Monday 18 February 2019

Letters to the Editor: 'My answer to the NCH fiasco comes for cut-price fee of €15'

Health Minister Simon Harris. Photo: Arthur Carron
Health Minister Simon Harris. Photo: Arthur Carron
Letters to the Editor

Letters to the Editor

Having heard PwC is to receive a world-class fee of €450,000 to tell us why the cost of the world-class National Children’s Hospital went from €650,000,000 to over €1,730,000,000, I decided to get out my trusty old slide rule and submit a cost-effective alternative report to the Government.

Firstly, a simple projection of current timing and cost increases will bring the final figure to around €5,650,000,000 by the time it opens in 2035, still good value for a world-class hospital, our world-class Government would say.

Secondly, the genesis for this world-class fiasco was based on our national inferiority complex which drove our politicians and medics to create a futuristic world-class vanity project, second to none on a global scale, irrespective of the cost to the taxpayer.

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Though jammed into the most unsuitable and inaccessible site in the country, this monstrosity would massage the egos of all those involved, leaving the sick children and their long suffering parents waiting indefinitely.

Thirdly, it is self-evident that all parents and their sick children ever wished for was a functional and efficient hospital, easily accessible in times of emergency.

Finally, nobody will be held accountable as this world-class cock-up was due to a systems failure. However, if those crazy Brexiteers would move over, then there might eventually be a special place in hell for all those world-class fools who got us into this embarrassing and costly mess.

My fee for this in-depth and concise report is €15.

John Leahy,

Wilton Road, Co Cork

Knotty problem lies at heart of distress over lingerie ad

I presume Lorraine Courtney was being facetious in her article about an in-your-face racy undergarment advertisement in a Dublin shopping mall: Ms Courtney asks “why are people getting their knickers in a twist” about it (Irish Independent, ‘The Week’, February 9)?

On close-up scrutiny of the advertisement it is obvious why, from the model’s grimace; the said undergarment is clearly causing the poor model deep physical distress which I suspect is due to the lady’s breathing being much restricted by the knottiness of the said undergarment.

Micheál O’Cathail

Dún Laoghaire, Dublin

Harris’s ‘fantastic’ hospital? Only in Coveney’s dreams

On ‘RTÉ’s News’ last week, Simon Coveney defended Health Minister Simon Harris and his “fantastic children’s hospital”.

My Oxford English Dictionary defines the adjective fantastic as “existing only in the imagination, unreal”, “perversely or irrationally imagined”, “of the nature of a phantasm” and so on.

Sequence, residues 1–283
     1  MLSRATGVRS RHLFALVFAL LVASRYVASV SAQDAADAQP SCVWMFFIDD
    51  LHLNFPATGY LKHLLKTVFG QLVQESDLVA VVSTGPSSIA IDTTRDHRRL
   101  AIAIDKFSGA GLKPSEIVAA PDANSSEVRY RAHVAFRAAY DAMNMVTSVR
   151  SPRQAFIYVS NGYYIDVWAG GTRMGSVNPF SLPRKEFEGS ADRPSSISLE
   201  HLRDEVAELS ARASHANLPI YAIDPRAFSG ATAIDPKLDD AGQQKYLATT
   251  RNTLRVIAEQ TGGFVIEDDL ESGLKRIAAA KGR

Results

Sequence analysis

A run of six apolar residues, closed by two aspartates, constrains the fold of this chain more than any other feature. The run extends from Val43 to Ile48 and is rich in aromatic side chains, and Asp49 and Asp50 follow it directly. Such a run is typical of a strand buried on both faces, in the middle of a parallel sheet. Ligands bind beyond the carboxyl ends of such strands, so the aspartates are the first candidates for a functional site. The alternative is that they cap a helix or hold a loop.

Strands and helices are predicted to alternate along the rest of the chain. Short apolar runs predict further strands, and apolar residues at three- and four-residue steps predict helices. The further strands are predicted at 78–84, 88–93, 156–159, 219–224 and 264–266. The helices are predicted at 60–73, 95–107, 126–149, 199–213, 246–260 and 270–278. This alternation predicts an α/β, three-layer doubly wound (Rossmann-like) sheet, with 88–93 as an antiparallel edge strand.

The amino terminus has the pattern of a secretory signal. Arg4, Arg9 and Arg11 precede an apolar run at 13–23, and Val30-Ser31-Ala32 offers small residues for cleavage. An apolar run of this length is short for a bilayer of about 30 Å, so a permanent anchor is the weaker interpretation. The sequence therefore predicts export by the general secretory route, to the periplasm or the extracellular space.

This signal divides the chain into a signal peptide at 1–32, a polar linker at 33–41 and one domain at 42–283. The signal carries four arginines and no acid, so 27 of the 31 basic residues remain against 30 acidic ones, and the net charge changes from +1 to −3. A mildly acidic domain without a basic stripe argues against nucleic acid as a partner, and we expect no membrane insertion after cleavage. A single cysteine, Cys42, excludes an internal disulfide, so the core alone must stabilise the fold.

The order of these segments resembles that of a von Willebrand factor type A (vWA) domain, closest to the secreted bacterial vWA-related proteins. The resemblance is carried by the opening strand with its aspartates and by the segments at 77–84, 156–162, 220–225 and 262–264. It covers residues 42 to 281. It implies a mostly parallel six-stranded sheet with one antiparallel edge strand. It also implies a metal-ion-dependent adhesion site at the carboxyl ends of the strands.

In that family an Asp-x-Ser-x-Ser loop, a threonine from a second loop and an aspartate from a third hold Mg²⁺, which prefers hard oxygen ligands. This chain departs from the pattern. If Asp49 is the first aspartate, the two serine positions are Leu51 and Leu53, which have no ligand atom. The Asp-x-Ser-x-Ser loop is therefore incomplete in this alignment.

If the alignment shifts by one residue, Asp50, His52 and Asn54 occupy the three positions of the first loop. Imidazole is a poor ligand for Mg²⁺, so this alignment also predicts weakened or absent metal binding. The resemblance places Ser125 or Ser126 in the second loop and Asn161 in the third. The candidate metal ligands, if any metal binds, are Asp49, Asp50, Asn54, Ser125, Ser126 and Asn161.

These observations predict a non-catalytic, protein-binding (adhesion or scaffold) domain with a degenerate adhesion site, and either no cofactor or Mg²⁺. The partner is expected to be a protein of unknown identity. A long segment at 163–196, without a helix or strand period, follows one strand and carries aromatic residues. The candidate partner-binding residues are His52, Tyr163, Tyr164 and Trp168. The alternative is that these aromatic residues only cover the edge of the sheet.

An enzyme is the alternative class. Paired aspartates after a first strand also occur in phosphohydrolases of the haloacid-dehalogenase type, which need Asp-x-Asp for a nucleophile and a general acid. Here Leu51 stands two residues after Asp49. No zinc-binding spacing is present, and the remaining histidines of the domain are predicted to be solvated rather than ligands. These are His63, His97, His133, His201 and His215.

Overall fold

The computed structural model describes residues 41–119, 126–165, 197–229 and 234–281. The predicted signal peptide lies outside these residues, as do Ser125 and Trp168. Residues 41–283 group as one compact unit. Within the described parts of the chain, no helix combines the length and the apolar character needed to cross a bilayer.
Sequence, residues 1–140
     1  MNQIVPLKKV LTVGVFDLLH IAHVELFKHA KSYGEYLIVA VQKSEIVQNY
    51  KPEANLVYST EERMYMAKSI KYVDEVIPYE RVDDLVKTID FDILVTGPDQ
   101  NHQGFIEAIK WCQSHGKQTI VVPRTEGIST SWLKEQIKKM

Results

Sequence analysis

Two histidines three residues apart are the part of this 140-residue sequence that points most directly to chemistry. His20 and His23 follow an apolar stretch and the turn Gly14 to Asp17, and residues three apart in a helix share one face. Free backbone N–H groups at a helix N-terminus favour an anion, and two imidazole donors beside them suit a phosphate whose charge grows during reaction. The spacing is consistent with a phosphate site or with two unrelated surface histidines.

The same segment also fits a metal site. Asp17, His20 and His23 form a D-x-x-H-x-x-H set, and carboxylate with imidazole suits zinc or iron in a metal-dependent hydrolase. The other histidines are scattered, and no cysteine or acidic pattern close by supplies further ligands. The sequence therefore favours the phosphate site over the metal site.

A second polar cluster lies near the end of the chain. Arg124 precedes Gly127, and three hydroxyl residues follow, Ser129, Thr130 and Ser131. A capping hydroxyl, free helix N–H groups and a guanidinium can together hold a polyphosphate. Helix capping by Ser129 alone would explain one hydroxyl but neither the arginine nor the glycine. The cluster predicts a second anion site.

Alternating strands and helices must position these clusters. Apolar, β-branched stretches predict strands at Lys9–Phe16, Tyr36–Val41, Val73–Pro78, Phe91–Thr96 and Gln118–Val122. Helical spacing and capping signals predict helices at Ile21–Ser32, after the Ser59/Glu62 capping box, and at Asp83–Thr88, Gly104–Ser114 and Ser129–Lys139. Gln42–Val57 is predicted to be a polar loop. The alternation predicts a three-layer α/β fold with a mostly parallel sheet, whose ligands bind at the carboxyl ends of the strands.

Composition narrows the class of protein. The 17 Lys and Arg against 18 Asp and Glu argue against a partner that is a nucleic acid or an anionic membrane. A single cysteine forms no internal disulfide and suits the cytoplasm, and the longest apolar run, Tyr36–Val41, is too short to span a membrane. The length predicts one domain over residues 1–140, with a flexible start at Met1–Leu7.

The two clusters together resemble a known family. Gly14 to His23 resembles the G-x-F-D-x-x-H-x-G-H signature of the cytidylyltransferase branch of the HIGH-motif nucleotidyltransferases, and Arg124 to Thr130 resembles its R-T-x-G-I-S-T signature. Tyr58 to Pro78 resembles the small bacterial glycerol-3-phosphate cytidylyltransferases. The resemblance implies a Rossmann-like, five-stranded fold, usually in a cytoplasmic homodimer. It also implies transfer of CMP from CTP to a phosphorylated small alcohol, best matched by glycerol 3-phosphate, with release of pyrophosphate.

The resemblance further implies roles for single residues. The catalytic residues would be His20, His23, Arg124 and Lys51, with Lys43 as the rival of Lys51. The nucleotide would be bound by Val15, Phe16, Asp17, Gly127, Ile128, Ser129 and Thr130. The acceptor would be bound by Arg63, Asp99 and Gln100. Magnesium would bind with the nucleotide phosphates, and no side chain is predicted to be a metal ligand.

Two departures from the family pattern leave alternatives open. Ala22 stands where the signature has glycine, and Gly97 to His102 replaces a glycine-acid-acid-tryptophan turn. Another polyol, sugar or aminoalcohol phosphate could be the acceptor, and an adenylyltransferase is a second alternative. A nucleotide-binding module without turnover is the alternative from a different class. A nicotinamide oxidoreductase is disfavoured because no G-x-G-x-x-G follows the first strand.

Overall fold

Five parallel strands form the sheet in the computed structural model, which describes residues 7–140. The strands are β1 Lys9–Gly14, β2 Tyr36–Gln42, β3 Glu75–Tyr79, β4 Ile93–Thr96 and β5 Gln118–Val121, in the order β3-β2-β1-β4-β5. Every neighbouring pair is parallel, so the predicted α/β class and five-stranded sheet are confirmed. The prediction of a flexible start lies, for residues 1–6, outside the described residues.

Need more be said?

Cal Hyland

Rosscarbery, Co Cork

Ancient proverb punctuates UK prime minister’s woes

The Chinese might be forgiven for saying:  “May, you live in interesting times!”

Bríd Fitzpatrick

Terenure, Dublin

If we want better nursing, it’s time to match pay elsewhere

Comparing the starting salaries of Irish nurses to their counterparts in other parts of the world (Irish Independent, February 8) one would have to wonder how we hold on

to so many in our own country.

The salary offered in this country to our young nurse graduates is €29,056 on a 39-hour week. In other parts of the world they get paid a much better starting salary.

In parts of Australia the starting salary is equal to €39,295, in Canada it is €43,012, in London they get paid €29,828 and in California they can earn €55,000.

The working week can vary in some places from 36 to 38 hours. In all cases, Ireland is bottom of the pile.

It seems a shame that after paying to educate our nurses to a very high standard, which is highly valued right across the world, that we don’t value them to the same extent at home.

Those who choose to stay and work at home are run off their feet in a creaking-at-the-seams and chaotic health service.

We have failed to entice emigrant nurses home in recent years in anything like sufficient numbers to make up the shortfall. Such a move would ensure a much better service to the unfortunate patients in our overcrowded hospitals across the land.

Perhaps the time has come to consider giving pay parity on nurses’ salaries with other countries in the more developed parts of the world.

Tom Towey

Cloonacool, Co Sligo

Irish Independent

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